post #11 of 18
i bought them for skiing the bad days at grand targhee. if u've never been u wouldn't understand. anyway i find that the people i ski with start bitch about poor visibilty and i never noticed. they r just an incredible lens. so much better than the scratched up copper lens in my old smith regulators.
post #12 of 18
I train at night almost every night of the season. I really dont like skiing in rose, blue, or clear lenses. Clear creates a lot of glare, which is bad for paying attention to the snow surface, and rose and blue block out their respective gate colors (which sucks if you are skiing around anything that happens to be red and/or blue). So, my color of choice is always yellow. I can use it in all but the sunniest of conditions (so pretty much anytime in the east) and in night conditions. They also work great for snow storms and fog.
Later
GREG
post #13 of 18
If you're night skiing and tired from skiing all day I would suggest the "beer goggle" if for nothing else might add a little energy and a positive attitude...
post #14 of 18
Quote:
Originally Posted by Treewell
If you're night skiing and tired from skiing all day I would suggest the "beer goggle" if for nothing else might add a little energy and a positive attitude...
Yes, I agree, "beer goggles" are excellent for a good night
post #15 of 18
Be aware of that killer, Goggle Nip!!!
post #16 of 18
Quote:
Originally Posted by Atomicman
I just ordered some sensors for my Knowledge Tubo OTg and I am waiting for lenses for my ocular Docking system.

I just had glaucoma surgery on my right eye in October and can't wear soft contacts anymore. I am trying to wear rigid gas permeables but Wow! it is a bitch to get used to them. Thought the docking system from Smith might work. It is only $50.00 & the perscription lenses are about $85.00 so i thought it would be worth a try. Wearing my regular glasses under my goggles does not appeal to me & is not comfortable. Also they are progressive bifocals!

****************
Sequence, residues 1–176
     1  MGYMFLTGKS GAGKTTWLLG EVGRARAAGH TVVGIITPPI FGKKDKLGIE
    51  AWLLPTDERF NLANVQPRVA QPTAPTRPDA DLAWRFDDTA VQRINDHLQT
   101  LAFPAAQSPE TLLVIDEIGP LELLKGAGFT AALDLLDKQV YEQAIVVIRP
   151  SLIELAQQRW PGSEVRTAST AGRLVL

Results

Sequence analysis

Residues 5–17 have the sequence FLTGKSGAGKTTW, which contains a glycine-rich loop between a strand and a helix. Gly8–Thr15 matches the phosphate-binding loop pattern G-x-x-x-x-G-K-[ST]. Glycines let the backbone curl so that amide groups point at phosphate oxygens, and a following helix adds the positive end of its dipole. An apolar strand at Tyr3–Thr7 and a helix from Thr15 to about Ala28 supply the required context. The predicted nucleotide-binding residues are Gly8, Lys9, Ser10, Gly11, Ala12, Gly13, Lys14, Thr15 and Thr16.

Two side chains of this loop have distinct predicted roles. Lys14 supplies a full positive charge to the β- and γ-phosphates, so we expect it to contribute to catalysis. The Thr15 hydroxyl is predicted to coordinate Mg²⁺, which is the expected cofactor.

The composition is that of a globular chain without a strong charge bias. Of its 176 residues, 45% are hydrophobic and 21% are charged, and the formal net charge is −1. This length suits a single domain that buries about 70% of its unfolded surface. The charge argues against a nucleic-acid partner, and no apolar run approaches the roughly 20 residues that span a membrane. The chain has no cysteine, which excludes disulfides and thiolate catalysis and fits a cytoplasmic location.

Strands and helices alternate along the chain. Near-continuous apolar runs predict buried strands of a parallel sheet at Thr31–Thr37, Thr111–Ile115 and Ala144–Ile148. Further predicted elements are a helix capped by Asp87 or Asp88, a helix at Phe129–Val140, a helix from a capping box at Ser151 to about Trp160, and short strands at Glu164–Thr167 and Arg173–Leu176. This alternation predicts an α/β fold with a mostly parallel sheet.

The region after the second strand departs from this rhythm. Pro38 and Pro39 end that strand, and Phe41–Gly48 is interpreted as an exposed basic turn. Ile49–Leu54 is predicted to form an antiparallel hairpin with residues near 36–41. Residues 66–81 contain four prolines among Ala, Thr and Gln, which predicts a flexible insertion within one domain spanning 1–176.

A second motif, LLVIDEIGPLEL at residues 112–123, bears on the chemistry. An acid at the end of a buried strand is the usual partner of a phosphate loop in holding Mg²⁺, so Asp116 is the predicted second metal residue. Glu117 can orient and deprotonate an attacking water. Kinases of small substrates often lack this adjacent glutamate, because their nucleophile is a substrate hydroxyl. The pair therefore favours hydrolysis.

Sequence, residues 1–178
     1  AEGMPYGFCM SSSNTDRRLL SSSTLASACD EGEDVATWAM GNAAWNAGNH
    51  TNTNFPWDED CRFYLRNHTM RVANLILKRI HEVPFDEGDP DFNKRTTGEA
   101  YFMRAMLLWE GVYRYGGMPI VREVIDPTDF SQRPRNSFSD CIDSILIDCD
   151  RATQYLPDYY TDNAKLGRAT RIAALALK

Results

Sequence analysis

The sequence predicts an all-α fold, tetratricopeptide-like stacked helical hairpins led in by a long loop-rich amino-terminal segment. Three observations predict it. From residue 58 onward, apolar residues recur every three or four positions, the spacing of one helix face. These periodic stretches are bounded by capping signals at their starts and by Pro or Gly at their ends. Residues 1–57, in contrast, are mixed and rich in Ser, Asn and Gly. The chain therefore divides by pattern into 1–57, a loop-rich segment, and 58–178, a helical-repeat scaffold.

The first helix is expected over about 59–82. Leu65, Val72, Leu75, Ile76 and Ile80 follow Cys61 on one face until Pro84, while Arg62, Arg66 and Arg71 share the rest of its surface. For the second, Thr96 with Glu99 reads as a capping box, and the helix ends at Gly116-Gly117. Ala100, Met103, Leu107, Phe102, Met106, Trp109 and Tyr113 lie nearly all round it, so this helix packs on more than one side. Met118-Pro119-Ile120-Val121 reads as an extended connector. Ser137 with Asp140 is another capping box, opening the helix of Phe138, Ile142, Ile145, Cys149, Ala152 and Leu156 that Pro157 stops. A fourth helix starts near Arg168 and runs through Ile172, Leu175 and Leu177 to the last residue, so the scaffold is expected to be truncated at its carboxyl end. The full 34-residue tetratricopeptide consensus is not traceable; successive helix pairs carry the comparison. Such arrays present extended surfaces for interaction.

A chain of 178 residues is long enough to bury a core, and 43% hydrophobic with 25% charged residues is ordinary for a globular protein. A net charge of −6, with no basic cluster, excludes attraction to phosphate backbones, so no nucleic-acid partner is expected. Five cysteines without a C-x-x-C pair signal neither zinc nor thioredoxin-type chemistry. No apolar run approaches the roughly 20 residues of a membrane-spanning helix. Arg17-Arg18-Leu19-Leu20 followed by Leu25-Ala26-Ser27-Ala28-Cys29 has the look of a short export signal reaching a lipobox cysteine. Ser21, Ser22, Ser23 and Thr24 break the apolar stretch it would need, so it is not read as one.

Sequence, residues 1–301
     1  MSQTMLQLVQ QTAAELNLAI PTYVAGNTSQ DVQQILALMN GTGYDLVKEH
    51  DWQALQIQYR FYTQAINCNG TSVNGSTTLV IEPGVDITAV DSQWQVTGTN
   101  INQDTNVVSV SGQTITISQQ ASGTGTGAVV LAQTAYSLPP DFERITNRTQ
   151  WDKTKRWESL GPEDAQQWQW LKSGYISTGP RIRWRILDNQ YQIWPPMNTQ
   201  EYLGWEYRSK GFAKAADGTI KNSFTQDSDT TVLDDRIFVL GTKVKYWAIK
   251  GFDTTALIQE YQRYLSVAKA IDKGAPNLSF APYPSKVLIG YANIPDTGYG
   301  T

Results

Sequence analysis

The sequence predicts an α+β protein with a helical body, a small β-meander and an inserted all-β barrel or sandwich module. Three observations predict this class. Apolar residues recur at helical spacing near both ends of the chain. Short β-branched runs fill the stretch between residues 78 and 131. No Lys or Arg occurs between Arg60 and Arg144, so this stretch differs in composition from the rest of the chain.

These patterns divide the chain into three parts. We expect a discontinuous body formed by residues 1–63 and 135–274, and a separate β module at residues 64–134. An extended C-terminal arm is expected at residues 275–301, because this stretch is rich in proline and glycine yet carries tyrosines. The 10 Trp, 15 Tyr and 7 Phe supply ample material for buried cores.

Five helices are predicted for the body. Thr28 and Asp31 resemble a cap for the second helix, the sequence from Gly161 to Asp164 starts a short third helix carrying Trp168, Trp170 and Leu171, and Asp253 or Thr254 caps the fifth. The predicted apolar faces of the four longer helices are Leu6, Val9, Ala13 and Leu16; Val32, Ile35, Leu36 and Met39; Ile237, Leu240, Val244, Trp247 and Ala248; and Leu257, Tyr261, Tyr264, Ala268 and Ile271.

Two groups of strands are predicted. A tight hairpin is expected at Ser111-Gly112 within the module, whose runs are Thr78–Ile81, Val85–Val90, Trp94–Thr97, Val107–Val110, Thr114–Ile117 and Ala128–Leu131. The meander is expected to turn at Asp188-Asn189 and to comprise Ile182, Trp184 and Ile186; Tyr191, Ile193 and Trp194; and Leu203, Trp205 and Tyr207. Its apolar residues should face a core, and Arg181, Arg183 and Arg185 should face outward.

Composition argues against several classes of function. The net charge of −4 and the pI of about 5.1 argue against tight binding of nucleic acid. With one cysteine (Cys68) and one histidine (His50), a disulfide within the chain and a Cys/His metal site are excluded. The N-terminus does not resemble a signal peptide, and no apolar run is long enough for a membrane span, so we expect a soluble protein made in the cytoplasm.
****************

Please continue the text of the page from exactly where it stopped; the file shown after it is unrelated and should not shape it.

Also am going to order some prescription sunglasses from them. they make your script in many of their frames and lenses. spendy though, about 300 bones!
How do like the Sensor lense for cloudy and flat light days?
I have the same problem with having to have to wear my goggles over my glasses. What is the docking system from Smith? Do you wear the prescription sunglasses for skiing?
post #17 of 18
The ocular docking system is a clip in setup that fits inside of The Smith Knowledge OTG & the Prodigy Turbo Cam googles. It holds two lenses that you have mde to your prescription in a metal frame that clips into the lens. so you have no earpieces or bridge on you nose. they look klike ththe lenses are just suspended in air inside the google and of course both these google have smith's turbi fan.

I pick my clip in unit up today and it looks like it will work great!

You can go to www.smithsport.com & look at it. I got my len.

Yes i wear the prescription sunglasses for skiing. smith has many frame & lense options in their prescription line and they will do the prescription for you in their great lenses options.

Look around on their website. It's all there!
post #18 of 18
Thread Starter 
I do my night skiing at Stevens Pass also. My mom is at the shop now picking up my RX8's I just got off the phone with her, they are out of H.I. Yellow lensed Oakleys and they aren't carrying Oakleys anymore. I guess I'll just have to get them somewhere else.